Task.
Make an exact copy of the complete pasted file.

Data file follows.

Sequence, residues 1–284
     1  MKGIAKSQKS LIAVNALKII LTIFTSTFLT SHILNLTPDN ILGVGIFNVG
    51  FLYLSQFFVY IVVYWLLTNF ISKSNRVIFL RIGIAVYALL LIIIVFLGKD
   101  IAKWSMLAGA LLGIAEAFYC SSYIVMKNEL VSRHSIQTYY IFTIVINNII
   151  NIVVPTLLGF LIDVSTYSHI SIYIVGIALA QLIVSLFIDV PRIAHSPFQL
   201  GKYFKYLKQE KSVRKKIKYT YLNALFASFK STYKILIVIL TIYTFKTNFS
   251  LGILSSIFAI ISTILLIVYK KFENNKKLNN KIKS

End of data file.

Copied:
Sequence, residues 1–284
     1  MKGIAKSQKS LIAVNALKII LTIFTSTFLT SHILNLTPDN ILGVGIFNVG
    51  FLYLSQFFVY IVVYWLLTNF ISKSNRVIFL RIGIAVYALL LIIIVFLGKD
   101  IAKWSMLAGA LLGIAEAFYC SSYIVMKNEL VSRHSIQTYY IFTIVINNII
   151  NIVVPTLLGF LIDVSTYSHI SIYIVGIALA QLIVSLFIDV PRIAHSPFQL
   201  GKYFKYLKQE KSVRKKIKYT YLNALFASFK STYKILIVIL TIYTFKTNFS
   251  LGILSSIFAI ISTILLIVYK KFENNKKLNN KIKS